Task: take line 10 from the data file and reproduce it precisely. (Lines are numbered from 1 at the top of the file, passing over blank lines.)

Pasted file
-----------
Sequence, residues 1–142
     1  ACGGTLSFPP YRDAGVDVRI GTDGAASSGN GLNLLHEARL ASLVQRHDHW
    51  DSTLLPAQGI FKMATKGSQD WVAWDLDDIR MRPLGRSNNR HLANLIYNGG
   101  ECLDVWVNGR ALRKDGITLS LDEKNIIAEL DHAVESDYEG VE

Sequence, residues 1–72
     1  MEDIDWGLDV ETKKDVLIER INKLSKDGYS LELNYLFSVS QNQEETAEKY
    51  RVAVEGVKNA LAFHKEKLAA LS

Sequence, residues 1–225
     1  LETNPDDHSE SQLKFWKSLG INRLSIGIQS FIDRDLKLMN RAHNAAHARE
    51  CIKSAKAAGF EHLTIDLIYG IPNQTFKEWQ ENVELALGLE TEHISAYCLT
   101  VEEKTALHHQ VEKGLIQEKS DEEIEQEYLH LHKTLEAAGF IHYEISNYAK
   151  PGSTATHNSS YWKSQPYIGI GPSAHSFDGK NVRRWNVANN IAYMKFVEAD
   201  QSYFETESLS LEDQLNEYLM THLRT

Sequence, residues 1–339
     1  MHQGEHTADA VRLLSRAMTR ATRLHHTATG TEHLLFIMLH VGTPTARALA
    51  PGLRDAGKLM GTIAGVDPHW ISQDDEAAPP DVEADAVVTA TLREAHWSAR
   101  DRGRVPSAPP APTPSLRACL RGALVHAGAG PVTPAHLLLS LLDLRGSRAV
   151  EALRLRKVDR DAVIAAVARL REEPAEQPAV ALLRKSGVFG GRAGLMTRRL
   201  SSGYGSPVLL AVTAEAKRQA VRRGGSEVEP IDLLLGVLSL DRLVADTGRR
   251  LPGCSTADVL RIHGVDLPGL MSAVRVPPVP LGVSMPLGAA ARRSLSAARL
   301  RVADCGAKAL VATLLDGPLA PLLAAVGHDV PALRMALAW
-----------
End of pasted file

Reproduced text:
    51  CIKSAKAAGF EHLTIDLIYG IPNQTFKEWQ ENVELALGLE TEHISAYCLT